Sunday, October 17, 2004

A new hero

The Boston Red Sox have never been one of my favourite teams. I may sympathise with their fans as they continually fail to reach baseball's Holy Grail of winning a World Series, but they use their strong financial position at the expense of my favourite team, buying up all our best players. However, I have to salute their star pitcher, Pedro Martinez. Their rivalry with the New York Yankees is well documented; in their last few meetings, the Yankees have "owned" Martinez, making him seem a shadow of the devastating sportsman he is at his best. This prompted him to make the remark that in their recent meetings, the Yankees had been his "daddy". Unsurprisingly, the next time he made the visit to Yankee stadium, this time in the playoffs, the Bronx was electric with chants of "who's your daddy?" And the end result of the game was ultimately disappointing , for although Martinez pitched very well, he made just enough mistakes to allow the Yankees to creep home.

But the reason I really admire him is for his statements after the game. He was asked if he regretted making those statements, given that it implied the Yankees had got into his head and prevented him from performing at his best. Here was his reply:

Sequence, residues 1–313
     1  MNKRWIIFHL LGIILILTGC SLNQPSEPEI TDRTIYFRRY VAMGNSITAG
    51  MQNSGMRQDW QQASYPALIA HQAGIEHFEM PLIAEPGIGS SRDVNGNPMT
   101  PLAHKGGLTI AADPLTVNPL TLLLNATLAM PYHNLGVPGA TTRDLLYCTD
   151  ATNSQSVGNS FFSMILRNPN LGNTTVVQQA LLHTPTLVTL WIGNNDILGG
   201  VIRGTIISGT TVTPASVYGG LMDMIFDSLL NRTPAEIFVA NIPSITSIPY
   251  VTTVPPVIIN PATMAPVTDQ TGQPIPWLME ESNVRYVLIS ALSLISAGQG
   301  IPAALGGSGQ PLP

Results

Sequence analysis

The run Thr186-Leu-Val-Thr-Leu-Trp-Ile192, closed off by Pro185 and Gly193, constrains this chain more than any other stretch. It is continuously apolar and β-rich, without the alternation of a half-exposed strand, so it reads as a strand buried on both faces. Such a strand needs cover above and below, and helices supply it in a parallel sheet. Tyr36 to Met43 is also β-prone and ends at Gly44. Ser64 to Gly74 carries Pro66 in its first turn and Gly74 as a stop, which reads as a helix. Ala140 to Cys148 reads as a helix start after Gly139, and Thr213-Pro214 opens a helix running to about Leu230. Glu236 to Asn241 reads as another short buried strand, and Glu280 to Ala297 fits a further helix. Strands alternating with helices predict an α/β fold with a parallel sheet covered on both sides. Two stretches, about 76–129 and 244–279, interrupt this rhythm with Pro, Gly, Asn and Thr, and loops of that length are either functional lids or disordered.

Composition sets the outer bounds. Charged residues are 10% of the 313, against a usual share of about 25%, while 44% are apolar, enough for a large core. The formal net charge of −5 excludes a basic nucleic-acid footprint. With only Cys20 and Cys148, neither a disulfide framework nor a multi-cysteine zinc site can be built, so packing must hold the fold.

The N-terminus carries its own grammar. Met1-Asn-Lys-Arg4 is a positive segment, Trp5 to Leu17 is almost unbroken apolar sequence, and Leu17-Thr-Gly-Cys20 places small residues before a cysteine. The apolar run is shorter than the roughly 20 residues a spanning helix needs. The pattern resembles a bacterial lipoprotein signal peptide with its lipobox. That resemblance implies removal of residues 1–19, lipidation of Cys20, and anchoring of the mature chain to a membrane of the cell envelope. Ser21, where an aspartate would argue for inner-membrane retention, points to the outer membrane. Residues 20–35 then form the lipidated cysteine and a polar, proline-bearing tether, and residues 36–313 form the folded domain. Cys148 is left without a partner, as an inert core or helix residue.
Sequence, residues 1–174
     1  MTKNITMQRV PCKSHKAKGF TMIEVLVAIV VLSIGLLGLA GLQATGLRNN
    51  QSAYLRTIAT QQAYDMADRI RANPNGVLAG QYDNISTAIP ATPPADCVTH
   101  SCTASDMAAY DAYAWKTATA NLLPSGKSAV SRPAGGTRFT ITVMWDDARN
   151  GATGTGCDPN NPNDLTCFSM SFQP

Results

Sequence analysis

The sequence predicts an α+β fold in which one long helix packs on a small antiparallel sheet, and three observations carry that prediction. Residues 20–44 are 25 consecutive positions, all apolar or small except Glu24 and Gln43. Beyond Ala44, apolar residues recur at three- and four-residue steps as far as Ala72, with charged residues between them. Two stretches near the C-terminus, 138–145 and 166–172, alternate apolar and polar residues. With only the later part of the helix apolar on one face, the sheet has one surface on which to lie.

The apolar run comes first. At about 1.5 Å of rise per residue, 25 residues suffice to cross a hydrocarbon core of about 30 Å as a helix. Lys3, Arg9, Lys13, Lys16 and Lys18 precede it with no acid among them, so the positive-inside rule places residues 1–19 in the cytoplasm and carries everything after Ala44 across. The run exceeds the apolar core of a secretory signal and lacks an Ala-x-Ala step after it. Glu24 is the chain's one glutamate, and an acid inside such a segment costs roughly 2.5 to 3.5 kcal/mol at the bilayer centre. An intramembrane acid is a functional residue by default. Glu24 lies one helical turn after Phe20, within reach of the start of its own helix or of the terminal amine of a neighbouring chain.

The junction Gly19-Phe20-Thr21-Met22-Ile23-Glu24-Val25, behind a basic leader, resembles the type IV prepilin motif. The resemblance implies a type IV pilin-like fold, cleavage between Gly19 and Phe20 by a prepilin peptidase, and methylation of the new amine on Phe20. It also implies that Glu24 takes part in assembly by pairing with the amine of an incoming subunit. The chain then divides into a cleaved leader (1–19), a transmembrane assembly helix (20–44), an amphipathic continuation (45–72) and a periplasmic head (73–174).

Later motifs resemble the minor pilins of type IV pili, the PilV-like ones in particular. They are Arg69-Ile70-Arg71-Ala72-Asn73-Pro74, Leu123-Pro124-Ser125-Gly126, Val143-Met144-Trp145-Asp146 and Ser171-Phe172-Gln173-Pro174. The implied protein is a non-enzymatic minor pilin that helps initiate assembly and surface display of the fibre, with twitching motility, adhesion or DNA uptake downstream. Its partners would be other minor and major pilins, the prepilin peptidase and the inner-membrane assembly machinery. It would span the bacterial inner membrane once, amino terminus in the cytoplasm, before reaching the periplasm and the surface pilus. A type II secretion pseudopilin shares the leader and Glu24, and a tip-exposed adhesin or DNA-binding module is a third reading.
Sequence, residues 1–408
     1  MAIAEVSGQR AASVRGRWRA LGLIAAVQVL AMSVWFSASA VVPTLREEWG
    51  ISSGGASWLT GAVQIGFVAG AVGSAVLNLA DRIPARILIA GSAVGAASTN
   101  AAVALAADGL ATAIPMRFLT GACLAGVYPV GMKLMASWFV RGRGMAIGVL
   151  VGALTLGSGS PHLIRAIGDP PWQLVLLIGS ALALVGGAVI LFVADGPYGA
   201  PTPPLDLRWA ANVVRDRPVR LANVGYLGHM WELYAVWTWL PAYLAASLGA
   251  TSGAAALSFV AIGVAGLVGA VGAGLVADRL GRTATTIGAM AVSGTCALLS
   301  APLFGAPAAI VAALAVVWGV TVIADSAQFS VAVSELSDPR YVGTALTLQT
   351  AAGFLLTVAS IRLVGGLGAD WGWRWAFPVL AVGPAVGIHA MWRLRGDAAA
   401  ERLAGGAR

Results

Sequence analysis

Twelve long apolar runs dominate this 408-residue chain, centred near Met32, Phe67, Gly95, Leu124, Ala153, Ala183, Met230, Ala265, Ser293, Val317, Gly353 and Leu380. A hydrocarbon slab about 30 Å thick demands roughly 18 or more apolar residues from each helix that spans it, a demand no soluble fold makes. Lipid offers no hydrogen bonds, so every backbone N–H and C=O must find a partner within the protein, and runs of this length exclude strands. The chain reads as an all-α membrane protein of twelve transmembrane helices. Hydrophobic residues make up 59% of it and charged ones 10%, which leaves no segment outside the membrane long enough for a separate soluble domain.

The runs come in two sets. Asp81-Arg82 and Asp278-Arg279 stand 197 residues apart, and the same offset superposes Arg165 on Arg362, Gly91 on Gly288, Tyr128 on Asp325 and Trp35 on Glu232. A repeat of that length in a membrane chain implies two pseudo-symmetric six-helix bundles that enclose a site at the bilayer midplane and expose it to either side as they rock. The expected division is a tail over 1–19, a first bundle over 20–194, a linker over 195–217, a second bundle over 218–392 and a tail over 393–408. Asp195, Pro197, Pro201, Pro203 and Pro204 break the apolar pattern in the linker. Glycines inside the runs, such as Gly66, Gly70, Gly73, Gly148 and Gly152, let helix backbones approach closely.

""It actually made me feel really, really good. I actually realized that I was somebody important because I caught the attention of 60,000 people. If you reverse time back 15 years ago, I was sitting under a mango tree without 50 cents to actually pay for a bus. And today, I was the center of attention of the whole city of New York. I thank God for that."

How refreshing to hear a sports star with a sense of perspective. Not that I don't admire competitiveness - of course I do, for I am one of the most ridiculously competitive people I know. Yet at the same time, it is easy to overlook the enjoyment that playing sports can bring. Now, I could have used the comments to show just how important sports are in the popular psyche - the northeast of America is buzzing at the significance of the series - but this time I will do my best to refrain. Instead, I wish to commend Martinez - a pitcher who has caused me untold frustration - for realising how lucky he is to live out the dream of millions of fans. And I wish, also, that he can show a return to form next time he pitches, so I can have the satisfaction of seeing the Yankees beaten.